Should we continue to provide people high-quality active assailant training to our staff, to our educators, to our children? Definitely.
Choose a model to train such as the well known FEMA Run-Hide-Fight model and its many variants.
Or there is ALICE.
Every tactical person and/or organization has their own take on it, their own special emphasis, their own special acronym, their own business model for training how to mitigate active assailants.
You want it for schools? There are programs.
You want it for churches? There are programs.
There are live training programs. There are online training programs.
This base of knowledge is provided to the public largely from our Public Safety and Law Enforcement professionals and people who hail from those fields. Do they know this realm? Absolutely. And they should train it, and train others in it.
However, concentrating only on point-of-impact (i.e., when the shooter is shooting) for active assailant incidents is exceptionally short-sighted, unless, of course, our concern is only to stop the shooter when he is actually shooting, and not beforehand as well. This exposes a major societal blind-spot.
In reference to active assailants, focusing our attention almost solely on point-of-impact is tantamount to offering training in self-defense which consists only of how to physically fight an attacker, with a conspicuous absence of what ought to be professionally taught and practiced FIRST (along with the physical as well), namely, situational awareness, prevention, avoidance, deterrence, and de-escalation.
In other words, professionally taught self-defense includes the realization that there is a great deal to be done to stay left of bang, that is, to do what is reasonably possible to avoid an incident in the first place. Then, of course, if one needs to resort to feral physical self-protection (e.g., hammer-fists, elbows, head-butts, biting, etc.), then so be it (you’re then in the territory of right of bang). But to train the physical skills, and to leave out or under-emphasize all the skills of avoidance, deterrence, de-escalation, etc., is just plain irresponsible.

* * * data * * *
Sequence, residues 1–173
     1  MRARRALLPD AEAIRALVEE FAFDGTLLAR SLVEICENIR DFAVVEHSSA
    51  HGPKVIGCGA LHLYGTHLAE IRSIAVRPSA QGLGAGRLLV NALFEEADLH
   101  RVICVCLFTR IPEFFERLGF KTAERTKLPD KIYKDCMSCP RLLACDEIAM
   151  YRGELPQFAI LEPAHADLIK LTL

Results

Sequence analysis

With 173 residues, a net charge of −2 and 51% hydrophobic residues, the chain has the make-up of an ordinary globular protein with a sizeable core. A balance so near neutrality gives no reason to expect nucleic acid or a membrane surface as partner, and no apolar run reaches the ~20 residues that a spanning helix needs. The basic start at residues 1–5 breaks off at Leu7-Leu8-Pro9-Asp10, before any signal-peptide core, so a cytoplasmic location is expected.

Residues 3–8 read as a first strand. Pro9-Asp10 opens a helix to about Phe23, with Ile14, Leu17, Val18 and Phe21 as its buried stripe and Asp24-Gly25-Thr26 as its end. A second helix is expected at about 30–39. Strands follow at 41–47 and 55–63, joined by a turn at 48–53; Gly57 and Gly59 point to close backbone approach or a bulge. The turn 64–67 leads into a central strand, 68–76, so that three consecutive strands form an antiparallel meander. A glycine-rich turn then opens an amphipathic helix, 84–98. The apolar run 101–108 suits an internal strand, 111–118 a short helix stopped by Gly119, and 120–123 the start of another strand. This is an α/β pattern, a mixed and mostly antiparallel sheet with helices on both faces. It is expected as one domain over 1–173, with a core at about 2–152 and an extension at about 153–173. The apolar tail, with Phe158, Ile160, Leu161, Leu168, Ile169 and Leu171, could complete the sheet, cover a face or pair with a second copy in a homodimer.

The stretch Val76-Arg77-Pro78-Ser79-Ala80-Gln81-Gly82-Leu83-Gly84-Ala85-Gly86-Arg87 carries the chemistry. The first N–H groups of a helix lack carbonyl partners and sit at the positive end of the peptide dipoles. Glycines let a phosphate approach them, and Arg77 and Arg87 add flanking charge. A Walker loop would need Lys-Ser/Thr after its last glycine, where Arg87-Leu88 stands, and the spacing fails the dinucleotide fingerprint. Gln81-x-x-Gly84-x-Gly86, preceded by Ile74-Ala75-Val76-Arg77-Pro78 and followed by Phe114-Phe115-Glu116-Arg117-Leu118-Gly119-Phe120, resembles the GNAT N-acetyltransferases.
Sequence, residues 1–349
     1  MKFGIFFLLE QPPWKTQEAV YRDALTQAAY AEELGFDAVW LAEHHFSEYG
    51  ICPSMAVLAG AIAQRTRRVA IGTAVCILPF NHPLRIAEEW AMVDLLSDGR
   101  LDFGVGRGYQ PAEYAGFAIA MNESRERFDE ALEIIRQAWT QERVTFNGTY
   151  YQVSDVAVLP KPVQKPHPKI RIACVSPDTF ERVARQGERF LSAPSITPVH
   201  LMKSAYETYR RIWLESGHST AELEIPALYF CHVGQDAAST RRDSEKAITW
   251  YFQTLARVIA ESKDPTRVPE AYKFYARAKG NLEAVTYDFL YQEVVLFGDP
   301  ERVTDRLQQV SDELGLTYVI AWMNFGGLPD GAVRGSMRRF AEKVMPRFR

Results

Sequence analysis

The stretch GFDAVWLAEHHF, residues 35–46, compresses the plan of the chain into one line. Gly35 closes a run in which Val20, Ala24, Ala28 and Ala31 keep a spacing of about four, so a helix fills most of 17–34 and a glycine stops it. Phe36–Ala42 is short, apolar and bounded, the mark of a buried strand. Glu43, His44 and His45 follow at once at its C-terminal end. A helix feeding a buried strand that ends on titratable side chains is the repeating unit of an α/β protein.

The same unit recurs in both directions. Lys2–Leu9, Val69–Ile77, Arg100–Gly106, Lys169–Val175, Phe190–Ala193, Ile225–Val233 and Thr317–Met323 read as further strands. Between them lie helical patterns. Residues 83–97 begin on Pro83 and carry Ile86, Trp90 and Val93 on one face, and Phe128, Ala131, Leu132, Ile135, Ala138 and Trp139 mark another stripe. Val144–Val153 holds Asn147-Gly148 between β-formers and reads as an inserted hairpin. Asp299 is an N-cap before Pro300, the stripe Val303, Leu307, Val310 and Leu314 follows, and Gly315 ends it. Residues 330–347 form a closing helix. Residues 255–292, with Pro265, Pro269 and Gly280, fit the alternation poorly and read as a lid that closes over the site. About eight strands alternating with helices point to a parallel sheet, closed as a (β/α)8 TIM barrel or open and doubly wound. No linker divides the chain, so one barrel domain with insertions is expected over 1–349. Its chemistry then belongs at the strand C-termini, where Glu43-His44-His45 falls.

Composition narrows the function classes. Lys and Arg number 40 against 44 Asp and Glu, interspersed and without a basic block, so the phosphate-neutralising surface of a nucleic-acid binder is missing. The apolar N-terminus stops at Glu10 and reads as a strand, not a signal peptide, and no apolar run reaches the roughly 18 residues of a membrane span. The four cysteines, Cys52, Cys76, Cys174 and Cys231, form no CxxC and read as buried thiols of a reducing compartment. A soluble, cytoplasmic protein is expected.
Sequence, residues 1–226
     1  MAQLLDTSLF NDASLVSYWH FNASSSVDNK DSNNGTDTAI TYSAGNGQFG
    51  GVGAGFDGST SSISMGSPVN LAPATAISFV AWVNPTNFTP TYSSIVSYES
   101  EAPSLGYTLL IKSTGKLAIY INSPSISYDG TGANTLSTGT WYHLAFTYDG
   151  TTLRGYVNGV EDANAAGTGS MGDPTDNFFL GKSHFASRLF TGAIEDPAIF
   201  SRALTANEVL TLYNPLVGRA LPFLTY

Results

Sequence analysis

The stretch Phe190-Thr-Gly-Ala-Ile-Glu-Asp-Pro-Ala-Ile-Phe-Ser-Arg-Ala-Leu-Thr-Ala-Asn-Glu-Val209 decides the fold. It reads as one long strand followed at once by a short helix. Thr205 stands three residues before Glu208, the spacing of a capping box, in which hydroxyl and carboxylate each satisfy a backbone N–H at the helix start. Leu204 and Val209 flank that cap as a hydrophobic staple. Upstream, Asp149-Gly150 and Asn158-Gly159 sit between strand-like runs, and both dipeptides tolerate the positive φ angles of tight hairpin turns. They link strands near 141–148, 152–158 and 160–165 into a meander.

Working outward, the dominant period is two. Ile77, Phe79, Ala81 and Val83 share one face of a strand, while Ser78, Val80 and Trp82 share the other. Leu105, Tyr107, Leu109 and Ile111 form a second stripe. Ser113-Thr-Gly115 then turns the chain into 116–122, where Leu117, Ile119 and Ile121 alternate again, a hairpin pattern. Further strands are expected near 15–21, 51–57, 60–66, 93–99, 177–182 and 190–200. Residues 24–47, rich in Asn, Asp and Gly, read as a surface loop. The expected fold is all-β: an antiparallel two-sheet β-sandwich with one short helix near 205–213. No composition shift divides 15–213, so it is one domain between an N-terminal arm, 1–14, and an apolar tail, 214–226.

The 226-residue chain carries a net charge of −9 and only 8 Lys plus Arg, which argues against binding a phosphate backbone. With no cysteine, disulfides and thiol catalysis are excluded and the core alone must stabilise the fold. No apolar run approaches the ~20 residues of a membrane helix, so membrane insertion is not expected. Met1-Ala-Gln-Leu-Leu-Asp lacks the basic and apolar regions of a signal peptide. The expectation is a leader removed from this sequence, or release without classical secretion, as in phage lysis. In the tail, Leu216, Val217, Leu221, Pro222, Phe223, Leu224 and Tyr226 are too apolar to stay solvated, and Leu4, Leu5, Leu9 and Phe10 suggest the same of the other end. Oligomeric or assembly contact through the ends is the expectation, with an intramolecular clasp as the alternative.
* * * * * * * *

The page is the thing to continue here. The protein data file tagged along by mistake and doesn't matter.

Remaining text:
To what camp do you retreat when expressing the “why” of active assailant incidents? Let’s be honest – for many people, they just don’t have an explanation for why these incidents continue to occur. The camp most people choose is driven by bias, what opinion their favorite politician espouses, and some, maybe, by data-driven evidence.
Some like to shout down those who say that a major mental health crisis in America is a contributing factor to active assailant incidents. And yet there is definitely such a mental health crisis. Would addressing it with constructive action (and not just the clapping of tongues) help to perhaps mitigate some of the severity of the active assailant issue? Absolutely.
Some like to shout down those who point out that America’s serious substance abuse crisis (particularly opioids) is a contributing factor to active assailant incidents. Would addressing this crisis help to perhaps mitigate some of severity of the active assailant issue in America? Absolutely.
Some like to shout down those who say that our gun laws in America need overhauling and that these laws are a contributing factor to active assailant incidents. And yet is there something that could be done, without taking the guns from law-abiding citizens, to perhaps mitigate some of the severity of the active assailant issue in America? Absolutely.
Can we not, as a nation, in a more sophisticated way, implement our emergency management phases of mitigation, preparedness, response, and recovery to involve disciplines such as politicians, law-makers, mental health and substance abuse professionals, in addition to our Public Safety and Law Enforcement professionals? The active assailant issue in America is complicated and deserves creative, multi-disciplinary, attention.
It’s time for our Emergency Management professionals, and politicians, and all concerned citizens, to step up and away from blinding biases, and to take action for the welfare of the entire nation. We cannot just keep attempting to deal with active assailants only when he already has his finger on the trigger.
Active assailants continue to be treated as a Public Safety or Law Enforcement issue precisely because we are choosing to address only one tiny part of it (the bang). America will not solve, nor likely even chip away at, its issues with active assailants until it begins to take action with the totality of the issue.